Arecibo: Legendary radio telescope hangs in the balance

The Arecibo Radio Telescope, at Arecibo, Puerto Rico. At 1000 feet (305 m) across, it is the second largest dish antenna in the world. (Source: Wikipedia)

Many thanks to SWLing Post contributor, Richard Langley, who shares the following story from Nature:

“Some of the observatories targeted in the review have found potential partners: New Mexico State University in Las Cruces is leading an effort to take over the Dunn Solar Telescope in Sunspot, New Mexico. Others remain in limbo, including the 100-metre radio telescope in Green Bank, West [Virgina], where university partners have offered limited help.”

Click here to read the full article on Nature’s website.

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2 thoughts on “Arecibo: Legendary radio telescope hangs in the balance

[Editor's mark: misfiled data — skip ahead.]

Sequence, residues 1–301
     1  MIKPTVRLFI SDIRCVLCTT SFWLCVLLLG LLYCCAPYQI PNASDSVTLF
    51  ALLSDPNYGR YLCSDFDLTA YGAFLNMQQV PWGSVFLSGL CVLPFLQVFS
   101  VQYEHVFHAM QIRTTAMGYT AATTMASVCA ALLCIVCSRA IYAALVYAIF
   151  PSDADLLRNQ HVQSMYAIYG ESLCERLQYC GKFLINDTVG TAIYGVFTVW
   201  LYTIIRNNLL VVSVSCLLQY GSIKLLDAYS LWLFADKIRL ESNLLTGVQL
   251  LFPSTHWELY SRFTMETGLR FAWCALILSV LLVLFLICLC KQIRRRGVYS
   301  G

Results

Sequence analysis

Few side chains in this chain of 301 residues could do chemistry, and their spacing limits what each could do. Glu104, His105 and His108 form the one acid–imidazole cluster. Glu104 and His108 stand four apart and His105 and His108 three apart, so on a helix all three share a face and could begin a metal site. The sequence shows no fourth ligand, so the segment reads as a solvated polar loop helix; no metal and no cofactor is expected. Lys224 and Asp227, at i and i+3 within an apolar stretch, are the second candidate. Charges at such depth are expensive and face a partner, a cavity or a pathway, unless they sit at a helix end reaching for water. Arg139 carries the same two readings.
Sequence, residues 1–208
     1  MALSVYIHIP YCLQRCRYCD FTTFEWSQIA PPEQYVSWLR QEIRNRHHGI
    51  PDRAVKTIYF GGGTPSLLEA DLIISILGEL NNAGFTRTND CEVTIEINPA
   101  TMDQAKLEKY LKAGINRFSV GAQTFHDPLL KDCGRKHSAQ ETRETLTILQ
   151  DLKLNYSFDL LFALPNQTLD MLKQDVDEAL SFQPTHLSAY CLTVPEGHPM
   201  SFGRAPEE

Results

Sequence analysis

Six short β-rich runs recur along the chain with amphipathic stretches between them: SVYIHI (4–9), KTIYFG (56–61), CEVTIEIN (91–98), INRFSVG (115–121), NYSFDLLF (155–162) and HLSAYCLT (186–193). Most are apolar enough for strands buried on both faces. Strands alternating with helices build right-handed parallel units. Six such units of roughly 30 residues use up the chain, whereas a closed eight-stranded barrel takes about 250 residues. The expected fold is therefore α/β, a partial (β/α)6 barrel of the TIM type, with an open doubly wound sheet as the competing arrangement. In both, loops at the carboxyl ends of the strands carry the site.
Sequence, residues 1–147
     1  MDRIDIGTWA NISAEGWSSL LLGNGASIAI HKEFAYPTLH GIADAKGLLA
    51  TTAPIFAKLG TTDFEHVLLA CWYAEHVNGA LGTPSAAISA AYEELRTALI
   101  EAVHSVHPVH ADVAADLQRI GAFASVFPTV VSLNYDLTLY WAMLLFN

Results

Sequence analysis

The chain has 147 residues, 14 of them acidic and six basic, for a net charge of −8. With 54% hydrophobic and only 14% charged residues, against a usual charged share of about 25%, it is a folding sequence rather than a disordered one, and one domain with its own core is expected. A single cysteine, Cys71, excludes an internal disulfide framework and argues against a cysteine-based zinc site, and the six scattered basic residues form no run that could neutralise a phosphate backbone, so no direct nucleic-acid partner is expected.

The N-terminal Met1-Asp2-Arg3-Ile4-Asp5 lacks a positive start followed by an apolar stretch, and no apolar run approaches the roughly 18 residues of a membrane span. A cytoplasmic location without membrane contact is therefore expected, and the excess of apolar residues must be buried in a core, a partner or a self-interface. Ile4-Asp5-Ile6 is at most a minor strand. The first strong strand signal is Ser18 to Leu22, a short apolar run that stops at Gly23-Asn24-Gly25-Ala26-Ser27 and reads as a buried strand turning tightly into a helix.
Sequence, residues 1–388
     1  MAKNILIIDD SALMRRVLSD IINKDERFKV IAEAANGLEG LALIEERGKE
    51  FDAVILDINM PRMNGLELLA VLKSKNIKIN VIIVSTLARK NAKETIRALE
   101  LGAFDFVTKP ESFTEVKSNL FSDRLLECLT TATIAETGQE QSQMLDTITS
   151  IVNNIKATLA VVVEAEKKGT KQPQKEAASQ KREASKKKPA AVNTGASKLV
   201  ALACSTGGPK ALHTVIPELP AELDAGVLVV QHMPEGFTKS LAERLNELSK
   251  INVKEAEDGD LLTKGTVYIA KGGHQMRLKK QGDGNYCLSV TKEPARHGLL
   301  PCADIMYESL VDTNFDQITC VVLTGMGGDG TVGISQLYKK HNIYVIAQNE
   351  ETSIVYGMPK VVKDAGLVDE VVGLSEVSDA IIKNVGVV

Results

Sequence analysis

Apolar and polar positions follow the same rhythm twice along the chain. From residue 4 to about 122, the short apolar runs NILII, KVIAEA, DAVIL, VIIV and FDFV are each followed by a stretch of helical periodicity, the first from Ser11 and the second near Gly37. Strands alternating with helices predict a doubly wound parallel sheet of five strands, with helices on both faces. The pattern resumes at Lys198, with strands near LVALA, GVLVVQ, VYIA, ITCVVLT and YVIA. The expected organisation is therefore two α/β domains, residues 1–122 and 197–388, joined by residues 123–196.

1. Tha Dood

    Arecibo is one of America’s great resources. One that we can hopefully keep. The Chinese have just brought on-line their own version of Arecibo, and it’s way bigger than ours. The Chinese GOV displaced several towns to build it.

    MAN!!! Can you imagine using Arecibo for EME on other bands, like 222MHz, 2M, 432MHz, and even 6M? That reflector is big enough. EME FM could be possible, albeit very brief.

  2. Michael Black

    But they already blew up Arecibo, in 1995’s James Bond film “Goldeneye”.

    Arecibo started up about 1963, and soon Sam Harris, a ham well known in VHF/UHF circles (he was doing moonbounce on 1296MHz and built the first parametric amplifier, very low nose), moved own there. In retrospect his role must have been big, but the articles at the time made him sound like one of the technicians.

    Anyway, about 1964 he arranged time for some amateur radio moonbounce. I assume they may have still been testing things, because it never happened later. With the big antenna, it meant that they could hear incredibly weak signals. Which meant the other end didn’t need much of a station, transmitter or antenna. One report said “it sounded like 20metres”, so many signals heard at Arecibo. So lot of people got a chance at moonbounce at a time when otherwise you needed a big antenna, and a fussy receiving system.



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